India has come up with a scheme to buffer Iran’s oil money against US sanctions after securing a waiver from Washington to continue oil imports from the Islamic Republic.
People familiar with the matter told Bloomberg on Wednesday that India will deposit payments for crude oil imported from Iran into escrow accounts of five of their banks held with state-run UCO Bank Ltd.
“Payment into multiple escrow accounts will reduce the risks of Iranian bank accounts being frozen in case the US brings new banks under sanctions,” they said.
India bought $9 billion of crude oil from Iran in the financial year that ended March 31, during which the south Asian nation took in 450,000 barrels a day.
Iran’s exports to India averaged 540,000 barrels per day this year, but they should not exceed 300,000 barrels under the exemptions given by the US last month.
The oil money held in escrow accounts will partially be used by Iran for imports of essential goods from India and paying the rentals, salaries and other administrative expenses of its diplomatic missions in the country, the report said.
Iran usually imports medicines, rice, tea, yarn and rice as well as industrial products from India.
According to India’s Directorate General of Commercial Intelligence and Statistics, an arm of Ministry of Commerce and Industry, exports to Iran stood at $2.65 billion last year.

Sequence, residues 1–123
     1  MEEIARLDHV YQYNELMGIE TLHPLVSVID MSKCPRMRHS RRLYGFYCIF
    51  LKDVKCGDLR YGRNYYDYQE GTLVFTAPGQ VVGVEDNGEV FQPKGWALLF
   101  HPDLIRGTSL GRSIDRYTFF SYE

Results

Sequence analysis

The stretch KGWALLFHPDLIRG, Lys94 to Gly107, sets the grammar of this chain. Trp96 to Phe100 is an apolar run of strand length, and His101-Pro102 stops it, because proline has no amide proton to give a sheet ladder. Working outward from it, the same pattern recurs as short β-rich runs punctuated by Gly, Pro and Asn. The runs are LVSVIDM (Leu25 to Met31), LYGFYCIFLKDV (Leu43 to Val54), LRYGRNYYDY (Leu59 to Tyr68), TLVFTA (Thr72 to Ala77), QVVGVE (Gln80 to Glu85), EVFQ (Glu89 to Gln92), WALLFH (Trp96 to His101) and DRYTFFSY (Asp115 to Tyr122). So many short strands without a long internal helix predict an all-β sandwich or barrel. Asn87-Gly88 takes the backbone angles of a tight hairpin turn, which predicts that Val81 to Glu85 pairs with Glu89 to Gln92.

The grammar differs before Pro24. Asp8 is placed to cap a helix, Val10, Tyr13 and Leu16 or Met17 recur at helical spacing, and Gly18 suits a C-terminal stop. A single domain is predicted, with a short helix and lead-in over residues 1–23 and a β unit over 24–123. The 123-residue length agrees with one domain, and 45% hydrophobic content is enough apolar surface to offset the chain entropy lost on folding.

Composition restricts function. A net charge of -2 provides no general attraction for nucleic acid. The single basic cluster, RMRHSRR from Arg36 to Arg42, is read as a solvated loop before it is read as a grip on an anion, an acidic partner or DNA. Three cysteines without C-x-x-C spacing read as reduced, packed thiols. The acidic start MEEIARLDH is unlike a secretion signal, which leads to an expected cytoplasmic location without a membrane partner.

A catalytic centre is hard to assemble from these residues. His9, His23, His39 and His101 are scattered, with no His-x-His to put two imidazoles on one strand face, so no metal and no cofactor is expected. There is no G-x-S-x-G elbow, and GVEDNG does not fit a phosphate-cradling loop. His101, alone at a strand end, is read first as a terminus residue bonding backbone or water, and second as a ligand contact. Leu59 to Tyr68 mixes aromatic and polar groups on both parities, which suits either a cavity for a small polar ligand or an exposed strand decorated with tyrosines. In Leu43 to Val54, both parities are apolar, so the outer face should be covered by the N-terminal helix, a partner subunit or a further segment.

Bloomberg cited UCO Bank Managing Director Atul Kumar Goel as saying that there are 15 Iranian bank accounts in India, out of these five have come under US sanctions but the remaining 10 are eligible to process bilateral transactions.
Iranian Minister of Health and Medical Education Hassan Qazizadeh Hashemi suggested last week that Tehran may replace European and American pharmaceuticals with Indian companies for imports of medicines.
“A major part of the European and US markets is dominated by the Indian pharmaceutical companies, and the Islamic Republic has also used their products in its industries,” Hashemi said at the end of a three-day visit to India.
“Unfortunately, our approach towards European and US companies is a traditional one that should change. This change of view will surely benefit the country in the future,” he said.
India, which imports nearly 80 percent of its crude requirements, sees Iran imports crucial because many of its major refineries are adjusted to Iranian grade.
Tehran also offers better credit terms than other oil suppliers and accepts payments in rupees, which other Middle Eastern oil producers demand in US dollars.
India is the second largest importer of Iranian oil after China. The two countries have an arrangement under which 55 percent of oil payments are made in euros and 45 percent in rupees through the UCO Bank.
New Delhi has also stressed its commitment to the development of Iran’s strategic Chabahar port which India sees crucial to its connectivity ambitions.
Source: Press TV